HOUSES BUILT OF COTTON.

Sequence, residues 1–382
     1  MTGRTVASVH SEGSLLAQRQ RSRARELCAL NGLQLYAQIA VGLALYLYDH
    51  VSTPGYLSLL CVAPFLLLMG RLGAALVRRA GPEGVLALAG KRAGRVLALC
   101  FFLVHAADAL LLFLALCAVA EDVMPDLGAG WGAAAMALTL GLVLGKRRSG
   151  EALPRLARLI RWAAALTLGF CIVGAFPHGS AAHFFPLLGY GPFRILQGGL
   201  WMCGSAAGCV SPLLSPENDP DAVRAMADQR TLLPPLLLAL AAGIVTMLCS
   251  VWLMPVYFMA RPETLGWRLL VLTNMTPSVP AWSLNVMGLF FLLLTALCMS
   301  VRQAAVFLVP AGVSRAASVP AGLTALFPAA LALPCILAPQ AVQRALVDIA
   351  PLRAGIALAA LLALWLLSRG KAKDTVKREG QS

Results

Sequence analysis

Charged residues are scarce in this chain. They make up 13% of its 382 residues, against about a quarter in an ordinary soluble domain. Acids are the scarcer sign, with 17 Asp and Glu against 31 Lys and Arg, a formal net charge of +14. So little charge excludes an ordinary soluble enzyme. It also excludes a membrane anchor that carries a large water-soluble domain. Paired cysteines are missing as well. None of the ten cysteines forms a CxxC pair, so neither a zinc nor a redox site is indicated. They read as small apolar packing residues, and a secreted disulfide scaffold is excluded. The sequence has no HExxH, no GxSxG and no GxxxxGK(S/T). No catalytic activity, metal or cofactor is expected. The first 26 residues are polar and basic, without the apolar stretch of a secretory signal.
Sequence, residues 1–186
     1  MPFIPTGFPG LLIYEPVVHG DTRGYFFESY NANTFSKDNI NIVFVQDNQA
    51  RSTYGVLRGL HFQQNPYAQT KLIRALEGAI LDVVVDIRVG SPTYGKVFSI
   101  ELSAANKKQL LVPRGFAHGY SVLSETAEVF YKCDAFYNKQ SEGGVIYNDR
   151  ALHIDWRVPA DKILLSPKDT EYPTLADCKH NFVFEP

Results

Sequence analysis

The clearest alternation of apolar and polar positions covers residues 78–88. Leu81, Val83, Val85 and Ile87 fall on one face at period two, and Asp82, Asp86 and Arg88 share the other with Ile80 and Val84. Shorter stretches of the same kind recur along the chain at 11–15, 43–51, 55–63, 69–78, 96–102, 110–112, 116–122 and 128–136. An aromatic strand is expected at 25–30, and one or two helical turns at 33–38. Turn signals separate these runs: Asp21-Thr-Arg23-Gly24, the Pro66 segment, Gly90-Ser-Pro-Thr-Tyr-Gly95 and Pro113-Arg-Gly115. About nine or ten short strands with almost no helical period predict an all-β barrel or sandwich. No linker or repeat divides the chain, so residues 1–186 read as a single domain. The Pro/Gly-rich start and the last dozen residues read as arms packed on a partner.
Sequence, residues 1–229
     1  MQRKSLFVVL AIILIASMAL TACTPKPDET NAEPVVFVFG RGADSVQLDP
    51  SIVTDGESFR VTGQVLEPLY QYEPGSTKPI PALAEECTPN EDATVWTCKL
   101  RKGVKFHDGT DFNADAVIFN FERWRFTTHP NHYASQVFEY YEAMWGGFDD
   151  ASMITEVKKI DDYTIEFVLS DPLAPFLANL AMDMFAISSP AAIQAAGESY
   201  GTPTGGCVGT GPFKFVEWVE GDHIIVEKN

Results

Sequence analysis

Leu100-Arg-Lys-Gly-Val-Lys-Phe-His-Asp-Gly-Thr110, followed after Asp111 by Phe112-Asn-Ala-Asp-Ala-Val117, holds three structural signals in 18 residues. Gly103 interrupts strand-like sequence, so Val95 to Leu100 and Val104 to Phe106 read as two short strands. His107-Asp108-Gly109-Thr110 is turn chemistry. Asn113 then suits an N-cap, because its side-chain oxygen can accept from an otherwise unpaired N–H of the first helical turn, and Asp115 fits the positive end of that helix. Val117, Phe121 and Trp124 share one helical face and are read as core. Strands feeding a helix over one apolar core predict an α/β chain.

Of all substances apparently the least likely to be used in the construction of a fire-proof building, cotton would, perhaps, take the first rank and paper the second; and yet both these materials are actually being employed for the purpose indicated, and there use will probably extend. Compressed paper pulp is successfully used in the manufacture of doors, wall panelings, and for other similar purposes, with the result that all risks of warping and cracking is obviated, while increased lightness is attained and the fear of dry-rot is forever banished. Papiermache, after having served a useful purpose in an unobstructive manner for years as a material for small trays, paper knives and other such light articles, has now suddenly assumed a still more important position in the industrial world. A still more sudden and striking advance has been made in the employment of co ton as a building material. A preparation called celluloid, in which cotton is a leading ingredient, has been used lately as a substitute for ivoiy in the manufacture of such articles as billiard-balls and paper cutters, and now a Canadian manufacturer has invented a process by which compr. ssed cotton may be used, not merely for doors and window-frames, but for the whole facade of large buildings. The enormous and in reasing demand for paper for its normal uses as a printing and writing material prevents the extended use of the papier-mache as a building material, for which it is so well suited in so many ways; but the production of cotton is practically unlimited, and there seems to be a large field available for i’s use in i s new cap .city as a substitute for bricks—or at least plaster—and wood. Treated with certain chemicals ard compressed, it can be made perfectly fire-proof and as hard as stone, absolutely air and damp proof; and a material is thus produced admirably adapted for the lining—internal or external—of buildings of which the shell may or may not be made of other material while it easily lends itself to d-corative purposes.